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For One More Day – Mitch Albom

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I read this book ‘in-between’ other books since it is a short book and one which I finished in a couple of days.  I picked it up with some reservations, having been told that it was about a young man who reconnects with his dead mother. Having lost my own mother, it felt a little ‘too close to home’.  The story is told though Chick who is given ‘one more day’ with his mother who died some years previous.  It is written in very simple language and is therefore extremely easy to follow.  The way in which Chick gets his ‘one more day’ is not as complex as one might first think and the book openly draws the reader to think about what it would be like to be given that ‘one more day’.  The regrets of words said, or perhaps more importantly, the things that were never said all come together in this moving tale.  After reading it, it didn’t leave me feeling as sad as I had expected.  If anything, it gave me a sense of peace that I don’t have many regrets and whilst we all yearn for that ‘one more day’ just to be held close, to smell that warm smell that is a mother, it reminded me that those we lose are never very far away.  A good short read.

Written by Um Yousef

14 June 2010 at 10:10 am

The 19th Wife – David Ebershoff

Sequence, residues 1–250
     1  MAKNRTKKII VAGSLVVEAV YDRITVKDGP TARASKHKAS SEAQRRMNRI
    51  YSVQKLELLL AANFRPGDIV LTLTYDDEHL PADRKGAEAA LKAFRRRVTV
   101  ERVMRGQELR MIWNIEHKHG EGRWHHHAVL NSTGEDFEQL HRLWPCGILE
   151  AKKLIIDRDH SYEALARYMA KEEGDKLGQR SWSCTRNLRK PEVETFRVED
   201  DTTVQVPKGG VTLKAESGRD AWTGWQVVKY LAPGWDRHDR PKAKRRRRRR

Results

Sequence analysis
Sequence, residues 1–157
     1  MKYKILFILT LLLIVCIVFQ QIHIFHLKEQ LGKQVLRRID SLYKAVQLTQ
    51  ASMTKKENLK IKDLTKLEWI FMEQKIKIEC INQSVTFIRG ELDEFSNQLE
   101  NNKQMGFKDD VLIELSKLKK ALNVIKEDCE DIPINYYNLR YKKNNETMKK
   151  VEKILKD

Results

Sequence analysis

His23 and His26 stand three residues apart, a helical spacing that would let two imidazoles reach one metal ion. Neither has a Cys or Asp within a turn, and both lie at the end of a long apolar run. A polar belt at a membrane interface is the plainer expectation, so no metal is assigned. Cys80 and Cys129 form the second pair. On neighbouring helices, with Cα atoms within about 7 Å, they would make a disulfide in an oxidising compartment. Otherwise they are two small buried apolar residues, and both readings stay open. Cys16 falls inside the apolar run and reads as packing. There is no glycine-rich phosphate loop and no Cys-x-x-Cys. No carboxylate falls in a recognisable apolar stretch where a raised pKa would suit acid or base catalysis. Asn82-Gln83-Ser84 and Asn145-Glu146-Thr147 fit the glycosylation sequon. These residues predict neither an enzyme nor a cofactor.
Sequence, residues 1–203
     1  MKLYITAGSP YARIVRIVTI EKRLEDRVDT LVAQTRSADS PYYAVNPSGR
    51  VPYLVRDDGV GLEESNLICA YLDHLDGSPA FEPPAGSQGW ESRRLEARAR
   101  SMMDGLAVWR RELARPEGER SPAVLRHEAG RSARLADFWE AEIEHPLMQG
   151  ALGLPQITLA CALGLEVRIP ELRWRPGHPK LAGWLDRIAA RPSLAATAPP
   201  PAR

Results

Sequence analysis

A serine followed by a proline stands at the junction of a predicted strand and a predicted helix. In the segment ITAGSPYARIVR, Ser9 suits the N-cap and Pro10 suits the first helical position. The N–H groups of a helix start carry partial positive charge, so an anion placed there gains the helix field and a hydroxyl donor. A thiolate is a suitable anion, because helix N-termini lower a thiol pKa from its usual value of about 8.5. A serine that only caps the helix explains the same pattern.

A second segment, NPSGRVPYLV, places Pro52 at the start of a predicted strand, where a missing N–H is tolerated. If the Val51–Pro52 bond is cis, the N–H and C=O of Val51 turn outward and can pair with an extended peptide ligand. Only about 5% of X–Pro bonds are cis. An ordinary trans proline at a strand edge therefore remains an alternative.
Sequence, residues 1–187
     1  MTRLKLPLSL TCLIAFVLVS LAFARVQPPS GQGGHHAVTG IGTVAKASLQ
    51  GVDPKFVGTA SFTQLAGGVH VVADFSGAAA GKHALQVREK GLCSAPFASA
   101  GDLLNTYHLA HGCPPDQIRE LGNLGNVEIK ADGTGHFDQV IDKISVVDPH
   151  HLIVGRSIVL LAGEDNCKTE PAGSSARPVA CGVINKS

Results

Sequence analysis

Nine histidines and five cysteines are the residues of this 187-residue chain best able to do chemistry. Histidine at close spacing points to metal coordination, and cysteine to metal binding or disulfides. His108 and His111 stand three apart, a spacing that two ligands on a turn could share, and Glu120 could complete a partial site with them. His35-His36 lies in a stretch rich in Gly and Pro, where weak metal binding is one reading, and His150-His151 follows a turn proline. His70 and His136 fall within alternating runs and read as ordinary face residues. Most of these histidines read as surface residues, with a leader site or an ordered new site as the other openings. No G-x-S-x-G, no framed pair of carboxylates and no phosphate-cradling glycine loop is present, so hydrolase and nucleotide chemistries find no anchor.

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This book is set in the 1870′s USA as well as present day-two stories about Latter Day Saints.  The historic is about Ann Eliza Young, who divorces her powerful husband Brigham Young (leader and Prophet of the Saints) and sets herself on the path to end polygamy.  The present day is set around Jordan Scott, a young man who has been thrown out of the modern-day Latter Day Saints and who is trying desperately to find out the truth behind his father’s murder.  This book intrigued me from the onset.  The resilience of Ann Eliza Young in facing the challenges and struggles of women under such testing conditions was inspiring.  The same inspiration came from reading Jordan’s story of his mother and her relationship with his father.  I was interested to read about polygamy in the Western world and this book confirmed for me my personal understanding of how patriarchs in all societies use their positions of power to abuse the rights of women and children for their own personal gains. Murder, power, abuse, control, mystery and survival all come together in this well-written and immensely thought-provoking book.

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